The Heresy came to Calth without warning. In just a few hours of betrayal and bloodshed, the proud warriors of the XIIIth Legion – Guilliman’s own Ultramarines – were laid low by the treachery of their erstwhile brothers of the XVIIth. Now, as the planet is scoured by solar flares from the wounded Veridian star, the survivors must take the fight to the remaining Word Bearers and their foul allies, or face damnation in the gloomy arcology shelters beneath the planet’s surface. In Calth that Was, we relive the fateful encounter that will alter the destiny of Captain Ventanus and shape the face of the Ultramarines Chapter for ten thousand years to come. The battle for Calth is far from over.
I always assumed I’d write the war for Calth. Out of some misguided notion that because I wrote Ultramarines in 40k, I’d naturally write them in 30k. Seems like everyone else did too, as I get asked why I didn’t write the Battle of Calth quite a bit. Or at least I used to, as I’ve explained why I didn’t at more than one event. In the end it was down to nothing more than scheduling.
At one of our big Horus Heresy pow-wows at Black Library, the editors and writers realised there were several events as yet untold that absolutely had to be in a certain order to make sense of the narrative as a whole. One of those was the Battle of Calth, and the when of it was in a place I simply couldn’t do. I was neck deep in The Outcast Dead at the time, and the deadline for when the Calth book would be required was just impossible for me to meet. No matter what I did or how fast I wrote, there was no way I was realistically going to be able to write that book in time.
Step forward Sir Dan of Abnett, whose schedule did allow him to write that book. Of course I was disappointed not to get to write the Battle for Calth, but if someone else is going to do it, Calth was safe in Dan’s more than capable hands. And what a book it turned out to be! Know No Fear is a tremendous book, one that grips you by the throat and doesn’t let go until the end.
And not even then, as it turns out.
Dan had purposely left a number of elements unexplored and untouched, elements that could be fodder for future tales that he (or others) could go back to. That proved fortuitous when it was decided that Mark of Calth would be the book to pick up on those threads and weave a Horus Heresy anthology from them.
I’d already written stuff about Captain Ventanus in my Ultramarines novels, a history and mythology of the legendary ‘Saviour of Calth’, and the editors seemed to think it was a perfect synchrony to have those worlds collide. Though, to be honest, I wasn’t convinced at first, wondering how much those worlds ought to collide.
I had a sit down chat with Laurie and we thrashed out the ways the story could link 40k and 30k, ways in which it could be part of something grander and yet still stand on its own. In the end I came away convinced, and set out to plan the story. The first decision I made, since Calth that Was followed on almost directly from Know No Fear, was to continue the tense Dan had used in his novel. It took a bit of mental gear-shifting, but eventually it became second nature (to the point I’ve used that tense in a few other stories and sometimes find myself slipping into it unintentionally…).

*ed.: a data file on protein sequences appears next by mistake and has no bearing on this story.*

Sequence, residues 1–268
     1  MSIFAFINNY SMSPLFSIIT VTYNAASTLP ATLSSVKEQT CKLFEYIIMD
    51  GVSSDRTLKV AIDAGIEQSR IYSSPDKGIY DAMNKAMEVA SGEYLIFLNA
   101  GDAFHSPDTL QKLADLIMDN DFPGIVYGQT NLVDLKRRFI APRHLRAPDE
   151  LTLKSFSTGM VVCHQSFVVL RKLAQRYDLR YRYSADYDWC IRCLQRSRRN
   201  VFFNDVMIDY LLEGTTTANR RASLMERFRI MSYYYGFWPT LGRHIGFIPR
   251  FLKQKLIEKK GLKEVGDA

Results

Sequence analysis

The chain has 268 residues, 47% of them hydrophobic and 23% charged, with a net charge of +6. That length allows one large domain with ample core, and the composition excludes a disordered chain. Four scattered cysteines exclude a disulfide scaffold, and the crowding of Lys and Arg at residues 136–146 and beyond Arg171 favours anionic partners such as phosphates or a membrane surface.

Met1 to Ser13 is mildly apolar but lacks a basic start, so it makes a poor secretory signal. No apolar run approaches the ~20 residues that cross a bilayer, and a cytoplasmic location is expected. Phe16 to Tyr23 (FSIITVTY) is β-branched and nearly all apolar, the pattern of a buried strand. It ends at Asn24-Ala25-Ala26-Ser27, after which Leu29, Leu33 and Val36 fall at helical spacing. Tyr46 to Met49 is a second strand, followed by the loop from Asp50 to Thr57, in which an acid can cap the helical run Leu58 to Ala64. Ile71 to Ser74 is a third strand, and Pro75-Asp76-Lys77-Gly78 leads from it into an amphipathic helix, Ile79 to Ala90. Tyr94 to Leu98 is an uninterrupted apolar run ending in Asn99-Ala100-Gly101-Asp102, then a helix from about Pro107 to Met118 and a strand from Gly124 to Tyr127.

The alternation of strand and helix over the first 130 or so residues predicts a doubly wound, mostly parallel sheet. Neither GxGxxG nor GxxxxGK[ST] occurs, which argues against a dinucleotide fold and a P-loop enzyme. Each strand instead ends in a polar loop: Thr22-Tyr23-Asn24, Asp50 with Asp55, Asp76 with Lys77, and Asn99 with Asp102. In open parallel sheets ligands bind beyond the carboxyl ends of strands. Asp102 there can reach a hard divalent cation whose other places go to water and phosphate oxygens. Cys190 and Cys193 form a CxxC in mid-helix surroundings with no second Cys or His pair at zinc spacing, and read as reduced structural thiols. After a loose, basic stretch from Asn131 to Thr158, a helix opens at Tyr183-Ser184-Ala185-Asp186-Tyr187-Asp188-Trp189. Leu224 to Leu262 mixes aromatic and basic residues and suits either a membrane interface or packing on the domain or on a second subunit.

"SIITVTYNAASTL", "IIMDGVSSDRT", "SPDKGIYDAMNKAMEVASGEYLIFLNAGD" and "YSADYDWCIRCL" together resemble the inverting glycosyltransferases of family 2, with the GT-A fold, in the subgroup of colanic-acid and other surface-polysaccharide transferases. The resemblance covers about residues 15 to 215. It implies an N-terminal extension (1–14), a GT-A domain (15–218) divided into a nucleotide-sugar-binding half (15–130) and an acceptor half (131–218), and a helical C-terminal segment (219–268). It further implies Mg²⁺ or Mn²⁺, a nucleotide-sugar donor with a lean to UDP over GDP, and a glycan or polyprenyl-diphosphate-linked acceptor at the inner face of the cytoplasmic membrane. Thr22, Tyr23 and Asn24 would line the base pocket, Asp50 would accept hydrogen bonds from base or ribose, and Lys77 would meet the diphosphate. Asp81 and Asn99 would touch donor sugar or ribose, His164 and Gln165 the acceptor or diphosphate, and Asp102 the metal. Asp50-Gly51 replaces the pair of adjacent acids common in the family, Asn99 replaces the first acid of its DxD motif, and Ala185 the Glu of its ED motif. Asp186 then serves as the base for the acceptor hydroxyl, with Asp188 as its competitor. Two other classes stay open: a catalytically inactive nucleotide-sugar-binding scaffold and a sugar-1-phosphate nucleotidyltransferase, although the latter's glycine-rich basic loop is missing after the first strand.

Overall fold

The story became a two-hander between Ventanus and Hol Beloth (or at least that’s how it begins). I’d asked Dan and Aaron to mention a Dark Apostle called Maloq Kartho in Know No Fear and The First Heretic. Nothing major, just a namecheck or a walk-by cameo, enough to remind people of his name and presence. If you’ve read The Chapter’s Due, you’ll know that this is the true name of the daemon lord, M’kar. And what I’d written before was that it was from the ashes of Calth that Kartho rose to become a daemon…
I saw Calth that Was as a story that bridged the gap between the immediate, shattered aftermath of the Battle of Calth and the beginning of the Underworld War. The moment where the Ultramarines regroup and try to salvage what remains of their world. Where they reorganise and adapt to the new war they have to fight to win back their world. But, of course, winning back their world is impossible, the Word Bearers have all but destroyed it, and its capture was never really the objective.
The Word Bearers might see Calth as irrelevance, but the Ultramarines certainly don’t. They want to kick the Word Bearers off their world, and though it’ll never be the same again, they certainly don’t want any of Lorgar’s trash left hiding in the nooks and crannies. Ventanus was a reluctant hero in some ways, already tagged with the title of Saviour, when – to an Ultramarines way of thinking – he was just doing his job. He’d sworn his oath to kill the last Word Bearer and started by killing hundreds of them in an ambush (and the help of the orbital guns). The Ultramarines are nothing if not adaptable…
I collaborated with Dan on this story, as the tale he was penning had a nice little layer of overlap with mine. So what you read in mine makes a lot more sense when you bear his in mind. And the ending to his becomes all the clearer when you remember what happens at the end of mine.
I enjoyed writing this story, and pulling in the elements of history I’d written all those years ago – with no thought to the fact that someone would have to make sense of it all in an actual book – proved to be a real challenge. But it was a challenge I relished and making it all seem like a flawless plan we’d had in mind for years was just the icing on the cake.